Whether you are someone who loves undertaking arts and crafts projects with leather or want rescue your favorite leather jacket or best pair of brogues, then one thing you are going to need in your tool-box is an adhesive capable of standing up to the demands of leather. Because leather is tough, semi-porous, and heavy, comparatively to other flexible materials, you are going to need a glue specifically designed to be suitable for use on leather.
This may interest you: Best Fabric Glue or Best Glue for Glass.
But what glues are suitable for use with leather, how do you pick the right one for your specific task, and what is the best way to use leather glues? The answers to all these questions and more will be revealed below to help you make an informed choice when taking your first steps in the market of leather glues. We’ll also give you the low down on our favorite leather glues for a variety of projects and pick a glue for every budget.
What glue works on leather?
Because leather is such a durable material, it also tends to be a bit heavier than typical glues you might have lying around the house can handle. Leather is also a porous material which can cause some additional difficulties. This means you need to pick a glue that is going to be able to bind with the porous material without ruining the way it looks by seeping all the way through it and be able to hold the weight of the leather. Here, we outline the main types of glue suitable for use with leather.
#1 Cyanoacrylate (CA) Glue
This glue, more commonly known as superglue, is super strong and great for quick small repairs that don’t require any space caused by a large tear to be filled in part by the repair glue itself. This glue tends to come out in a sticky runny fluid which typically dries almost on contact. This means you need to be able to work precisely and quickly when working with this glue. However, some superglues come in gel form which gives you a bit more leeway in terms of positioning time and is more viscous ensuring you don’t get accidental run-off.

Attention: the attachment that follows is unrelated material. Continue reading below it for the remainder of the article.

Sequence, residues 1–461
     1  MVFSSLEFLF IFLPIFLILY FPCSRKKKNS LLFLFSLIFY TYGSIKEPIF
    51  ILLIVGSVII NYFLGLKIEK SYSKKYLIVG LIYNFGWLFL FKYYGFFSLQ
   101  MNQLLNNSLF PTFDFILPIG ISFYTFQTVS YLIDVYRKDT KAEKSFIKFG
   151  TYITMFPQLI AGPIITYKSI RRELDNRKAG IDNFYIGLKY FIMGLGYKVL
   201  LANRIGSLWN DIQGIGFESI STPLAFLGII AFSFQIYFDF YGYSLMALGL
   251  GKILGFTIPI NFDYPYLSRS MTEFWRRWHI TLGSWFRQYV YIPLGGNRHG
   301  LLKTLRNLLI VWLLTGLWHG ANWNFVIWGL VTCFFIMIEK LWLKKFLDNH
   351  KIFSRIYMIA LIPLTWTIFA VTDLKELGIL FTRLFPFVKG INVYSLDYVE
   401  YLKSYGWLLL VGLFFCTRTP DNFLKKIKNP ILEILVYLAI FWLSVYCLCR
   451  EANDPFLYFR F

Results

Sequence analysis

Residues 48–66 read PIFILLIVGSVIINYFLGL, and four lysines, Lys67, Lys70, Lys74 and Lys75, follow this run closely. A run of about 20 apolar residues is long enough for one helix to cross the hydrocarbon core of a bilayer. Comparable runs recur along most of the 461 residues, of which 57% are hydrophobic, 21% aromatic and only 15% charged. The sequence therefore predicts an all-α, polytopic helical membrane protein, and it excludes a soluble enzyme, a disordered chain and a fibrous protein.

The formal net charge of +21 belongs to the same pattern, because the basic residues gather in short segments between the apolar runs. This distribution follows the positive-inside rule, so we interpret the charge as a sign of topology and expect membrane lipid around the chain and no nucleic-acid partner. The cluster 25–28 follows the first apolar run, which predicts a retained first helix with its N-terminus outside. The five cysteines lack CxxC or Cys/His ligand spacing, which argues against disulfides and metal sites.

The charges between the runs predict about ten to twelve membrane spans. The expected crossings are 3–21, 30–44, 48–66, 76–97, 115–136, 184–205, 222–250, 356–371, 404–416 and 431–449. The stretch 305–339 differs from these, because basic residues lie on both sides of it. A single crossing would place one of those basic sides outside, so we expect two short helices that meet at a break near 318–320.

#2 Contact Cement
If you look up leather glue, you might be surprised to see a whole load for products coming up with cement in their name. Typically this is used for non-porous materials, such as tiles, that other glues don’t have the strength to hold. However, this is also a tried and tested leather adhesive as it will not absorb into the leather due to its viscosity and is a good choice for more challenging projects with particularly heavy leather. Contact cement works by applying it to both surfaces you wish to stick together and allowing it to dry for around 15 minutes or so. You then have to position your connecting parts in exactly the right spot as you won’t be able to adjust position on contact.
#3 Polyvinyl Acetate (PVA) Glue
Leather glues that come from the PVA family tend to be advertised under as leather and suede fabric glues. The benefit of this type of glue is that it is non-toxic and water-based which means you can wash it off whilst still wet and wiggle things into position before it dries as you get more time before the full bond happens. This does mean you may need to clamp things in place sometimes so make sure what you are trying to stick together in this way can be physically clamped in place for some time if you are using this glue.
#4 Polyurethane Glue
This type of glue is suitable for leather repairs that require big gaps to be filled. It also happens to create incredibly strong and long-lasting bonds and thanks to its flexibility it is suitable for use on leather. If a leather glue is advertised as being suitable for vinyl repair, it is likely to come from this family and also be suitable for use with leather. This glue is also waterproof so is suitable for use on outdoor projects and dries in a particularly unobtrusive fashion. This glue is toxic though so make sure to wear gloves when using it. You will also need to moisten surfaces you apply it to in order to make a bond successful.
Top 10 Glues for Leather 2023 [Updated]
So now you know the different types of glue out there, how to choose the right type of glue to work with leather, and how to use leather glue all you need to do is add the right glue to your tools box. Here, we will outline some of our favorite leather glues to work with and the sorts of projects that they will be suitable for.
#1 Best Leather Glue for Shoe Repair: Aleene’s Leather & Suede Glue
If you’re looking to rescue a beloved pair of shoes, handbag, leather belt, or then this leather repair glue will be just the ticket. This glue is fast tacking which helps to ensure it does not soak into the leather itself as this would cause it to stiffen and become impossible to save. You can apply this glue to both materials being bonded for an even more secure initial bond. For fast bonding repair work on leather items, this is a great glue choice.
Other pros of this leather glue are that: it will not leave stains on your leather as it does not soak through; it dries clear helping to create cleaner finished products; it is flexible which is vital if using on leather items you intend to wear, and; it is easy to remove from unwanted areas when completely cured (don’t try to wipe this off when still wet). The downside of this leather glue is that because it is fast tack, you need to work carefully and quickly when carrying out your repair work.
#2 Best Non-Toxic Leather Cement for Repairs: Fiebing’s Leathercraft Cement with High Strength Bonds